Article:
And Now, Paid Student Journals

College placement services have started mock journals to publish "papers" by high school students

And Now, Paid Student Journals

I became suspicious when the pickles weren’t mentioned.

Suspicion and a familiar sadness washed over me while reading a “paper” published in a “journal” devoted to publishing high school student “research” — in this moment, I knew I was headed down yet another rabbit hole of journal-based transgressive behavior.

The subject of the research? The delights of Chik-fil-A sandwiches, and how they’ve been marketed. But when the author failed to mention the famous pickles on the Chik-fil-A sandwiches, it became clear that the research and subsequent peer-review were from sufficient — the report lacked key details and plausible observations.

I’d been led to an unexpected and crazy little corner of the journals world by Daniel Golden, a journalist at ProPublica who I first encountered writing about academic naïveté. At the time, Golden was covering how Russian spies were insinuating themselves into American universities.

His latest article, “The Newest College Admissions Ploy: Paying to Make Your Teen a ‘Peer-Reviewed’ Author,” appears today on ProPublica. (I’m quoted a couple of times.) What Golden has uncovered is a competitive college admissions process with less reliance on SAT and ACT scores, grades rendered toothless via grade inflation, volunteerism that no longer differentiates, and a tired system of letters of recommendation, in which well-heeled students have been looking for new ways to stand out to ensure admission to their school of choice.

The solution? Hiring a college admissions advisory firm that will help them get a published research paper listed on their applications:

As these differentiators recede and the number of applications soars, colleges are grappling with the latest pay-to-play maneuver that gives the rich an edge: published research papers. A new industry is extracting fees from well-heeled families to enable their teenage children to conduct and publish research that colleges may regard as a credential.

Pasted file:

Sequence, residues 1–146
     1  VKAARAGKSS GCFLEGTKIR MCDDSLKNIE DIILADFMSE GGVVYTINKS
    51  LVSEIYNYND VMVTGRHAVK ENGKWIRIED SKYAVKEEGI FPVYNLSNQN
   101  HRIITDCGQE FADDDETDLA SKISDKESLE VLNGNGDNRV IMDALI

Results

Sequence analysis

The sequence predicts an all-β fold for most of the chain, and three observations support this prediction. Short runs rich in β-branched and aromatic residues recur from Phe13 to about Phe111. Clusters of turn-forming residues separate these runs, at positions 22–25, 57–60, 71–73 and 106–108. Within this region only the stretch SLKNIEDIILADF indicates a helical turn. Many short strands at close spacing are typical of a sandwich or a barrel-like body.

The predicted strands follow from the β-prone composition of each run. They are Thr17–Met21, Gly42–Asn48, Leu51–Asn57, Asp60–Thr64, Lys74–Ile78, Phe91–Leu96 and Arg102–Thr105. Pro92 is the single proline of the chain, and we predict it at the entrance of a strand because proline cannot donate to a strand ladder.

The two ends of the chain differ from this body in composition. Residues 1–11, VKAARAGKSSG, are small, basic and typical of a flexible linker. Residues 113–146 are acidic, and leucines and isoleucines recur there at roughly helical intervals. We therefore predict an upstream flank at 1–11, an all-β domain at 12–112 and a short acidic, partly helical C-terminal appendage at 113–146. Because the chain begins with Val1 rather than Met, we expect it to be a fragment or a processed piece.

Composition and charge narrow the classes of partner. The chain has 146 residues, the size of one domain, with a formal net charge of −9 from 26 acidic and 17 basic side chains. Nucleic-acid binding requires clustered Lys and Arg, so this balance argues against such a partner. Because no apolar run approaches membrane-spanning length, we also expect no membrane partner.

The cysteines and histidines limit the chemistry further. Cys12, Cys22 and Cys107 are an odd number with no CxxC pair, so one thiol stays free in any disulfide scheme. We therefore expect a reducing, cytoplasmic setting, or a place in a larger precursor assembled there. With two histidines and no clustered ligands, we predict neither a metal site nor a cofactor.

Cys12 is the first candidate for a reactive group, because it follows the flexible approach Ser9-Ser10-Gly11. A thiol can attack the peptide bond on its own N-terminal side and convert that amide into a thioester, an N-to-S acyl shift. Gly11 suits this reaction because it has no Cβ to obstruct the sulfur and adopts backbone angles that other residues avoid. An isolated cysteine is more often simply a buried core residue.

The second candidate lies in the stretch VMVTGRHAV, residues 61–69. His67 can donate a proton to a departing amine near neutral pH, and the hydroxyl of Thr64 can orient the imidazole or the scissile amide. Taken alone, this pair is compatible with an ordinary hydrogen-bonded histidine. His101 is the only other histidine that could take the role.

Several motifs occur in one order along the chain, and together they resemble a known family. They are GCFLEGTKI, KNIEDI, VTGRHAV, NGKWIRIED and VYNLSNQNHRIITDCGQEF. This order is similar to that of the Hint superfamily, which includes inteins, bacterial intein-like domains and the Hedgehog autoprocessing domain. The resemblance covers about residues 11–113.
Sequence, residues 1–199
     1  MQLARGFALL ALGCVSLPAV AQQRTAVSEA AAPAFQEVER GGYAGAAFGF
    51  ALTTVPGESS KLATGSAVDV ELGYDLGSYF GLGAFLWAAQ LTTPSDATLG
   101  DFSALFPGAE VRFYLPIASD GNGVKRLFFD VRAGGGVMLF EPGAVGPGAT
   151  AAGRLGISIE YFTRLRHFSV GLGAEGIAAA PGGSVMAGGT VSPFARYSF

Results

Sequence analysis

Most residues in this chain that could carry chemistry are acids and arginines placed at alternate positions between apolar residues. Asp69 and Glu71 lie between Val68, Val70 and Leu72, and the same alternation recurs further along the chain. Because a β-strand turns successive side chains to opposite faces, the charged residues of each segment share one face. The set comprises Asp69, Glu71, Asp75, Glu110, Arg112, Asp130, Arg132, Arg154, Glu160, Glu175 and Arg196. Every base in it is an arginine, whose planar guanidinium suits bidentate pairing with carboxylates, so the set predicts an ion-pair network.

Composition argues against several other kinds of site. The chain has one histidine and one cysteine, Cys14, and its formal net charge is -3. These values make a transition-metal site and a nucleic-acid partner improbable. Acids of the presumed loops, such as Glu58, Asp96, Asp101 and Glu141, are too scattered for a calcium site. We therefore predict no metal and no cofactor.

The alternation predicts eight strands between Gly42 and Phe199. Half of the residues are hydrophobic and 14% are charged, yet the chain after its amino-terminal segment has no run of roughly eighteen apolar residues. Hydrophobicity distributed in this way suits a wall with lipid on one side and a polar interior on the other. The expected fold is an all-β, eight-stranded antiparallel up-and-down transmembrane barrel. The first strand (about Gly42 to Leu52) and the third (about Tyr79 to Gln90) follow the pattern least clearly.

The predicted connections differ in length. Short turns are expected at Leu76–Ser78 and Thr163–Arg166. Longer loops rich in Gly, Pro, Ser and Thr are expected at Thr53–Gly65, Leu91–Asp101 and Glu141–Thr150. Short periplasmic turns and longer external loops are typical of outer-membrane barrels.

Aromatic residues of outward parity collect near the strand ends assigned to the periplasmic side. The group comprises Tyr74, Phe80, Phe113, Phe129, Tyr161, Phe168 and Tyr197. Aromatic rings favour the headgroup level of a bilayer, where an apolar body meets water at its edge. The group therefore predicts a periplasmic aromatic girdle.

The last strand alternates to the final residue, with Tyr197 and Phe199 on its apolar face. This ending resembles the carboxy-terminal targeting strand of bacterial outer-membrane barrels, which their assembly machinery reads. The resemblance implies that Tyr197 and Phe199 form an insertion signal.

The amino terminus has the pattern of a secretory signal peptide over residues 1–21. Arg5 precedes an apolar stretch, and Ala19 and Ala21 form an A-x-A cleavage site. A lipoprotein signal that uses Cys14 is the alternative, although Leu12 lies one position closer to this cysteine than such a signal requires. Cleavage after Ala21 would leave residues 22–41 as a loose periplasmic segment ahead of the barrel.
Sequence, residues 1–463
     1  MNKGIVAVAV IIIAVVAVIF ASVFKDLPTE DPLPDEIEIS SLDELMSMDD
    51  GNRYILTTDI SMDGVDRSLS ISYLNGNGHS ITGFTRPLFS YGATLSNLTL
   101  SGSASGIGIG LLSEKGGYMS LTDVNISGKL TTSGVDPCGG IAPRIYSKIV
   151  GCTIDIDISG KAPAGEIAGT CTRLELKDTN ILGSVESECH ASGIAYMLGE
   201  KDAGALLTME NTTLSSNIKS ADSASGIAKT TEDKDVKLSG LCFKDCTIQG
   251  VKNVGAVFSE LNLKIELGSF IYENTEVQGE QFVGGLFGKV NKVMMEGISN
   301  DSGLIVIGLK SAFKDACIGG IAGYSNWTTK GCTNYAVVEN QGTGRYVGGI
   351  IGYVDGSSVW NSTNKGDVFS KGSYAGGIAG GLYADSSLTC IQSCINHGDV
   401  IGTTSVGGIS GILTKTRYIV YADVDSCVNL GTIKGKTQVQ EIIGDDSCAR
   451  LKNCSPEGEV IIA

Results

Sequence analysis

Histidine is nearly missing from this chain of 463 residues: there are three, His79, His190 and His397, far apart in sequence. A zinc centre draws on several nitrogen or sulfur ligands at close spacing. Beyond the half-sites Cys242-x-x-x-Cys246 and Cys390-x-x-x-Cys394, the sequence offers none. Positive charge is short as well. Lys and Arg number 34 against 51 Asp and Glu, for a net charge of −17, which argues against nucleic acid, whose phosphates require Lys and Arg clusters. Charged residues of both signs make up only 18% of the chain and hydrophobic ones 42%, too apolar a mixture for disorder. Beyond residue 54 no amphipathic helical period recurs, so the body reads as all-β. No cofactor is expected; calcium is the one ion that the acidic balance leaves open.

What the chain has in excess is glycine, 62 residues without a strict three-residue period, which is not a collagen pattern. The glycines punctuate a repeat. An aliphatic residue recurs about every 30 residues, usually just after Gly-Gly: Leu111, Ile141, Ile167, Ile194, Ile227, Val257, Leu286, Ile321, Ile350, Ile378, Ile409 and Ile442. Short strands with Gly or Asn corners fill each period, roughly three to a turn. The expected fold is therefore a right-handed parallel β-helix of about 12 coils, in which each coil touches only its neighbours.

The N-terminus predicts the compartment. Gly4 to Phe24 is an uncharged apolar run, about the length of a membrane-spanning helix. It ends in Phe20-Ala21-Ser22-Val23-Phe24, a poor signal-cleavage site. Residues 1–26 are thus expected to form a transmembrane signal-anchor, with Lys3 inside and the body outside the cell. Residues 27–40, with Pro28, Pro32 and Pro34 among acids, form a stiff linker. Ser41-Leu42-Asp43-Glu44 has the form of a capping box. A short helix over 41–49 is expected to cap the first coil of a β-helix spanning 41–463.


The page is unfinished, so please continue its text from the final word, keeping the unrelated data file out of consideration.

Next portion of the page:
Golden uncovered an extensive and relatively recent phenomenon, emerging over just the past few years in most cases. Titles of these journals — most of which are owned directly or indirectly by college admissions firms — include:

  • The Journal of Student Research (with affiliated preprint server)
  • International Journal of High School Research
  • Journal of Emerging Investigators
  • Questioz
  • Research Archive of Rising Scholars
  • Journal of High School Science

Created by placement services as additional ways to raise their prices and market their services — as a differentiator for these companies — the journals aren’t truly journals by any standard we customarily consider valid, but they adopt journal trade dress and claims. And there does seem to be value of the most cynical kind for the students and parents who avail themselves of these services, at least currently — many universities use the resulting publications listed on applications as differentiators, even if some of Golden’s reporting suggests the universities are having the wool pulled over their eyes. In the cynical and fast-moving world of college admissions, this may in some cases be a consensual hallucination.

There are a number of problems with these reports and the journals they’re published in: